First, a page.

Writers are artists. They learn the basics, then start adding and allowing their own person views and tastes come through. Basically there is no set of rules. Well, only one. It’s imperative when writing (anything) that the reader is grabbed by the throat so firmly that that reader must keep turning the page of your script or manuscript or advertising copy. If you’re a writer it doesn’t matter how you get to your final destination. All that matters is what you’ve finally created and how intensely you’ve grabbed that throat.

So where does all this take us? Simple. If some ‘expert’ tells you there’s only one way to do it that expert is one of many things. Stupid, overbearing, full of him or herself, untutored, probably unpublished and/or unproduced…you name it. What resources a writer chooses to integrate into his or her process, whether it’s books, personal contact, classes, or online resources, it’s a method that belongs to that writer alone.

Most writers who mentor others in any way don’t expect a clone or even want one. Really. On the other hand, they’re no doubt honored when a writer they’ve attempted to help and guide has taken their advice, added to it, played with it, and came up with something fresh and original. Go ahead, ask an established writer if this is true for them.

Whatever resources you employ as a writer, allow yourself to be inspired, uplifted and propelled forward. Whatever the source, that’s what expert advice should do for you as a writer. Inspiration, not lock down. Write with reckless abandon. There’s the road that lies before you. Fear of failure can take you down. Don’t let it. If in all your explorations, in person, in books and online, you garner just one lovely nugget of information you can turn round and round and benefit from then it’s worth the journey.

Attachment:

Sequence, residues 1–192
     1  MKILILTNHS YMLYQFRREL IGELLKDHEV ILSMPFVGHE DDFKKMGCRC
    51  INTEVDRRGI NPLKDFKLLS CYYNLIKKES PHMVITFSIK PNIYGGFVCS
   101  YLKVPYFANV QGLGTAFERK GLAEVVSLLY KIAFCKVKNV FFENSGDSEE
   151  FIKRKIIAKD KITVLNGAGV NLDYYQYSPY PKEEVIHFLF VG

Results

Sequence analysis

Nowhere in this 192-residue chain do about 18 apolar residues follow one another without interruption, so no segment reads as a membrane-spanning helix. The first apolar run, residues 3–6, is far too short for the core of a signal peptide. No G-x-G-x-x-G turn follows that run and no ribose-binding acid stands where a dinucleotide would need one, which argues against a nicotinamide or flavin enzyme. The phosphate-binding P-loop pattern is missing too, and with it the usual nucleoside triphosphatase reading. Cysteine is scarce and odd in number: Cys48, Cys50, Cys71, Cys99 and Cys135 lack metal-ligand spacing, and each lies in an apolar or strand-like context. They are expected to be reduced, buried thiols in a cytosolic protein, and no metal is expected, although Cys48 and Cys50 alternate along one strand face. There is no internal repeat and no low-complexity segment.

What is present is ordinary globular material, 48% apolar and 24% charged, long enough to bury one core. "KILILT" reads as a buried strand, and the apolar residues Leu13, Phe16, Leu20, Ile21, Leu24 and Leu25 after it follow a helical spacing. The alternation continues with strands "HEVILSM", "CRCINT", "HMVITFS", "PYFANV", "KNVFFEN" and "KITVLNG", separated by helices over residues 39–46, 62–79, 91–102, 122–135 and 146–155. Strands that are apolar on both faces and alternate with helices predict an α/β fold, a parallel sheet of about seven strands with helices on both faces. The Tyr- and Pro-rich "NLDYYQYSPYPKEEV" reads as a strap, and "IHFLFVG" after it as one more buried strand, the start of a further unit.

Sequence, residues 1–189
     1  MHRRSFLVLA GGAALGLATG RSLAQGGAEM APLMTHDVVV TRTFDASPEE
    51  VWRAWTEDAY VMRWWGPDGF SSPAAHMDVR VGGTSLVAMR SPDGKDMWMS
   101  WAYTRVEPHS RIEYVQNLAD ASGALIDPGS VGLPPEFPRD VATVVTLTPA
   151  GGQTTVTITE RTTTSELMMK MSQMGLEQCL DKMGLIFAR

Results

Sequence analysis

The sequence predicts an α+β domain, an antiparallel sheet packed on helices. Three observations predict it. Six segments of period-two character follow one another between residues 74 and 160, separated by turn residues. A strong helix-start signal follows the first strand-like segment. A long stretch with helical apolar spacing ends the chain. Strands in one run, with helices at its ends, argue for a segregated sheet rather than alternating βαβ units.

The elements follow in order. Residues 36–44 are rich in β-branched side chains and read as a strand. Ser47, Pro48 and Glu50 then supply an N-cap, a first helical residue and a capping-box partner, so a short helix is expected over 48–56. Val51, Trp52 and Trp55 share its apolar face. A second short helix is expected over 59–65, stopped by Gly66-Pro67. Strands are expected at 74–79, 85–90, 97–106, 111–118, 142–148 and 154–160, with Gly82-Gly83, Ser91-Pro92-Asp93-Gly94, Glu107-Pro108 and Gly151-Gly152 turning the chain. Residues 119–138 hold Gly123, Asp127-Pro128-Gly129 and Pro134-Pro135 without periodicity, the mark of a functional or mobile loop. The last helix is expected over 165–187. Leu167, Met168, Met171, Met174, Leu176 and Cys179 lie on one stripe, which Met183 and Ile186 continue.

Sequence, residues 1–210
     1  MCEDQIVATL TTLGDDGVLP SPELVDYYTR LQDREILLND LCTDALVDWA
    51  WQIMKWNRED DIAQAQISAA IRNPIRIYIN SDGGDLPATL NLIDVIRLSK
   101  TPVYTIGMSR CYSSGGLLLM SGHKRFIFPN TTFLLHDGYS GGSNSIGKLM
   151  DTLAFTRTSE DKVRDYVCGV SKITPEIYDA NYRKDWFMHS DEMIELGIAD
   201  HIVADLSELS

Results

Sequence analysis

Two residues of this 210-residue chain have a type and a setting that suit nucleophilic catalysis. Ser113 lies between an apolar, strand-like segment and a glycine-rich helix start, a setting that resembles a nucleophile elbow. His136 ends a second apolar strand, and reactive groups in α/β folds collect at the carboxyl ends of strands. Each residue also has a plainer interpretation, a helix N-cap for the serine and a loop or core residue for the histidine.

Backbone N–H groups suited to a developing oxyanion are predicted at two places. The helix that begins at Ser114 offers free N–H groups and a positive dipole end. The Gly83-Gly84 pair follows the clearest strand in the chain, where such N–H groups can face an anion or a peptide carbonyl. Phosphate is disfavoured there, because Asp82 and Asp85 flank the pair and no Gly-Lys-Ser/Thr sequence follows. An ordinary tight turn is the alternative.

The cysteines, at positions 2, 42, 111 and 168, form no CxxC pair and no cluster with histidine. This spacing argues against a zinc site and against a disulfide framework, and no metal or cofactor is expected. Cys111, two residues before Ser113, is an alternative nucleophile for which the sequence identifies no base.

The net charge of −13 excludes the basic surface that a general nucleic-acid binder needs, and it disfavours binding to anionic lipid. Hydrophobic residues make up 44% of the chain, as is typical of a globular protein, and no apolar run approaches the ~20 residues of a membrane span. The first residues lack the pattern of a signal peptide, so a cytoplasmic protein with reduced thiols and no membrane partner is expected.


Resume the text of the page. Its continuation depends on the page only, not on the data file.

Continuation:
And remember, what speaks to one, may not speak to another. What works at one time, may not do so another. It all depends on the project and on the evolving skill level of the writer.

Oh, and before I go for this round – remember opinions that differ, approaches that may seem strange to one should all be embraced. Don’t listen to the naysayers, the web trolls or self-appointed reviewers who always find the negative. The behavior we see frequently on the web is junior high school, unprofessional and just downright unacceptable. It’s amazing how afraid people are to disagree, especially with some ‘expert’ with a huge following. Stand up. Disagree. Move forward.

That’s it. Pat yourself on the back. You’re a writer.


Peggy Bechko is a TVWriter™ Contributing Editor. Learn more about her HERE. Peggy’s new comic series, Planet of the Eggs, written and illustrated with Charlene Brash-Sorensen is available on Kindle. Grab your copy of Book 2 now! And, while you’re at it, visit the Planet of the Eggs Facebook page